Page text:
The show is produced by Obie & Ax Inc., a podcasting company that operates in Toronto and the U.S. and makes shows for police, government agencies and big brands.

Documents show company co-founder and CEO Andy O’Brien approached former deputy chief Shawna Coxon about doing a podcast in 2020, and Coxon moved the plan forward within the service (Coxon now works for Ireland’s police service, called An Garda Siochana, and serves on Obie & Ax Inc.’s board. The company said in an email she is not paid to hold that position).

“Andy O’Brien is nothing short of a character with mad skills in start-ups. He runs the cool podcast I showed you the deck on,” Coxon writes in an email to the communications department in May of 2020.

“We need help in getting TPS as a formal community partner for the podcast.”

Toronto police declined an interview but said in a statement the podcast has reached 94,500 people since its launch. (Michael Wilson/CBC)

There was no discussion of launching a competitive bidding process to see if a better deal was out there in the documents CBC Toronto obtained, with communications officials citing four reasons to justify the sole-sourcing.

Those reasons include the podcasters’ being “well known” and their company having an “exemplary advisory board of leaders.”

Further, Obie & Ax is, according to police: “the only podcast in Canada that will produce a sub-podcast from beginning to end including providing hosts, the set, sound, and editing for a stylized, complete product.”

No detailed research is presented to support that statement. The same four reasons were used when justifying the podcast’s extension.

Police control questions, get final edit on content

The podcasts are done interview-style.

O’Brien (Obie) and Axel Villamil (Ax) serve as the show’s hosts, although O’Brien tells police clearly the interviews “will be edited to your specification.”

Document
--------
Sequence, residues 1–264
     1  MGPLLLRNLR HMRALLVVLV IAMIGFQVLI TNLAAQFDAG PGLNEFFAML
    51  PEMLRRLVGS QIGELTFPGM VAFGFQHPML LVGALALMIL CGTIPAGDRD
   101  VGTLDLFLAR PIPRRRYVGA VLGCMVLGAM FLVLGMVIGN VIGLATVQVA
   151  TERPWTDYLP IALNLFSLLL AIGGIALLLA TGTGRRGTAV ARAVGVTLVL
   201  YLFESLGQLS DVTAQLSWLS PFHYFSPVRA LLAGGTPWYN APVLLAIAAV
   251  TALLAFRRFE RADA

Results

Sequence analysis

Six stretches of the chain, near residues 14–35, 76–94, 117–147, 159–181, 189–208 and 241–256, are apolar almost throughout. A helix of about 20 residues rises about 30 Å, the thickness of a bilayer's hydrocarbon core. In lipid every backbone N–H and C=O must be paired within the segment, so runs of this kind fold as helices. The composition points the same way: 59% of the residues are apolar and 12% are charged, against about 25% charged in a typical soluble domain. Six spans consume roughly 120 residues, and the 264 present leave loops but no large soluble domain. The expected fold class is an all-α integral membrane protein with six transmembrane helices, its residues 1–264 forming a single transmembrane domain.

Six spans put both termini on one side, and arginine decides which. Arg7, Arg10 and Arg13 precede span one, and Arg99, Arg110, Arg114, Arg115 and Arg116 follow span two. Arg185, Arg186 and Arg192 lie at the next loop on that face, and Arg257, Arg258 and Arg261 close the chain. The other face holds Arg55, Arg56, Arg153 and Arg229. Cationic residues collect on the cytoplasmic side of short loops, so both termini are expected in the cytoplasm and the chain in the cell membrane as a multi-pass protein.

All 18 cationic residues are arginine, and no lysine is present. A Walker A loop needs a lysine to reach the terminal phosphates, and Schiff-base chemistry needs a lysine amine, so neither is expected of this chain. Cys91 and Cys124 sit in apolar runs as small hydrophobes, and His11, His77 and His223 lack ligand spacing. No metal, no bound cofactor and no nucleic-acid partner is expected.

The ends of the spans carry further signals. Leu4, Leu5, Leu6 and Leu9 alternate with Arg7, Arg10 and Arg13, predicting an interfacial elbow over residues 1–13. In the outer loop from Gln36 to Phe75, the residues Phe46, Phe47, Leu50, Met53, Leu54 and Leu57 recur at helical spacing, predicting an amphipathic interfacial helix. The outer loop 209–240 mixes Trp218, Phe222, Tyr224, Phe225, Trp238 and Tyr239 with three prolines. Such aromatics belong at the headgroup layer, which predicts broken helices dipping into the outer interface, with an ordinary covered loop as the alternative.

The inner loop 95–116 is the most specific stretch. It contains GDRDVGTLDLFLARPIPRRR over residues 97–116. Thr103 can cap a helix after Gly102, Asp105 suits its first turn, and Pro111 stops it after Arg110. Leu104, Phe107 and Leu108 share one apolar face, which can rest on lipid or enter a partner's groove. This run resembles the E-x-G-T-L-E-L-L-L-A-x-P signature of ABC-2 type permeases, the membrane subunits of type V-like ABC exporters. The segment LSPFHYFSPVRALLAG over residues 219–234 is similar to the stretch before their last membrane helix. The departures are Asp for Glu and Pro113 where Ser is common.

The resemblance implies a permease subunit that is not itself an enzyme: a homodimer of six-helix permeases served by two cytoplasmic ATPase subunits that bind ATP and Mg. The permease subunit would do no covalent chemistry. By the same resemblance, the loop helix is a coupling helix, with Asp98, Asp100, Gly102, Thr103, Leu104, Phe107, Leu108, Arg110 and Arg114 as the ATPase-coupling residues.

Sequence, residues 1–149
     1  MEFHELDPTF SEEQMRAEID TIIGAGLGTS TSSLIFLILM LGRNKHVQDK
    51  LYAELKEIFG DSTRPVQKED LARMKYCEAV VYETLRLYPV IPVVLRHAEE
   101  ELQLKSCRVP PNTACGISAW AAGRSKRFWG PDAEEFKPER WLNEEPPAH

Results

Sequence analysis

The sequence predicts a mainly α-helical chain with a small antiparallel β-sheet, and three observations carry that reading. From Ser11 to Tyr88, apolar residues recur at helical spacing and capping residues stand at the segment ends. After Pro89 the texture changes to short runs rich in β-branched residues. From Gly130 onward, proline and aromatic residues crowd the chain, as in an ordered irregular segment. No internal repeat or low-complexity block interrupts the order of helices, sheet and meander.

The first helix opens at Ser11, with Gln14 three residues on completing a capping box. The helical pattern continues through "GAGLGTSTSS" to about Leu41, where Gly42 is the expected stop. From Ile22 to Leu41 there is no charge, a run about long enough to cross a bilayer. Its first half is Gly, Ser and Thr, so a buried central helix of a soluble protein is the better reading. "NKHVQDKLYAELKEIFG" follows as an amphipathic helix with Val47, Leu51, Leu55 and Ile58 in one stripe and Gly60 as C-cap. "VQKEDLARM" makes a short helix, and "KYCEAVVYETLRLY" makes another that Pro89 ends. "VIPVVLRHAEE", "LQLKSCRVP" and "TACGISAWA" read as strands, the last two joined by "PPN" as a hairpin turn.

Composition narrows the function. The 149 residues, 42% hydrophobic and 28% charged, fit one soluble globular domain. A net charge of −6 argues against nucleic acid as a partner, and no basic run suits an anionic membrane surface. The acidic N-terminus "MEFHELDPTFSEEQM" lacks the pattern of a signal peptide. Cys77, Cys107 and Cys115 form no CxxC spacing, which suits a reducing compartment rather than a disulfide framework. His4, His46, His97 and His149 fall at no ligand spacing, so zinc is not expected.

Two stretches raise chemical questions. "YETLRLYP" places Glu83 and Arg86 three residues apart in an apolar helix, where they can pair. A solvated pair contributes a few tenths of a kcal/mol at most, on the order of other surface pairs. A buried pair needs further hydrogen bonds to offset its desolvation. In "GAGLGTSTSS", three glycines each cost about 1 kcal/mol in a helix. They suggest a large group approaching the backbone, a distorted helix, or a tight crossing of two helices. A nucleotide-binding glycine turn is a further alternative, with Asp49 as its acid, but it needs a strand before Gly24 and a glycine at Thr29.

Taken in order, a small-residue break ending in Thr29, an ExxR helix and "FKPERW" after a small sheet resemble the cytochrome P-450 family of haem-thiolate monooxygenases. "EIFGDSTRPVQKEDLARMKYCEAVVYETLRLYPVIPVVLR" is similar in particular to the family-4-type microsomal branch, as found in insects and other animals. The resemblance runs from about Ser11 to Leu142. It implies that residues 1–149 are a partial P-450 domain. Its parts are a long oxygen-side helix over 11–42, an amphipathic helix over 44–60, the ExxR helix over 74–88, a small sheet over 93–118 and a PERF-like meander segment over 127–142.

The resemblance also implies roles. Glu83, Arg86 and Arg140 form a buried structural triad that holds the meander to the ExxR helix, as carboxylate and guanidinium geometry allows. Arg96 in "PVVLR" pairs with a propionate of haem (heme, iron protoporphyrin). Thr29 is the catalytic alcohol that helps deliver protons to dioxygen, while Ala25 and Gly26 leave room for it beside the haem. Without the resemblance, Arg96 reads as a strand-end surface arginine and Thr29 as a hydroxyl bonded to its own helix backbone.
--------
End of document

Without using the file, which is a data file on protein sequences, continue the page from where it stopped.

“Nothing will be sent out on our platforms unless you approve,” O’Brien writes.

Toronto police didn’t release the actual contract with Obie & Ax, but an Aug. 14, 2020 briefing document states: “Our contract entitles us to two edits per show, thereby allowing the [Toronto Police Service] to have final say on the finished product.”

Despite having clear control, Coxon and others suggest using the third-party will shield against the perception they’re creating “copaganda.”

“Police agencies that have run their own media programs have been accused of ‘copaganda’ and this will mitigate this risk,” Coxon writes in an Aug. 1, 2020 memo to Ramer.

No clear targets for success set

The documents don’t lay out any metrics for the podcast’s success in terms of audience.

However the documents show the service is pleased with what it’s getting, even if there’s limited public return. One document suggests the show appears to be reaching one demographic police struggle to connect with — men aged 18-34. That finding is held up as a key reason to renew the show.

A spokesperson denied the podcast is a recruitment tool, but said it would be an “added benefit” if candidates decided to apply after listening.

The podcast isn’t the only communications avenue Toronto police are pursuing.

Documents show they’ve paid the crisis management firm Navigator to provide advice, also on a sole source basis. They’ve recently had former reporter Tamara Cherry run a series of interviews dubbed #TPSTrust. The Traffic Services division has even launched a public-facing question and answer series on TikTok, which the service notes has been “successful in reaching a diverse audience.”

The cost of this work is relatively small in comparison with TPS’s overall $1.1-billion budget, with most of that money paying for personnel.

But for Sewell it’s a picture, albeit a small one, of the way police spending is managed and held to account.

“It’s a governance problem,” he said.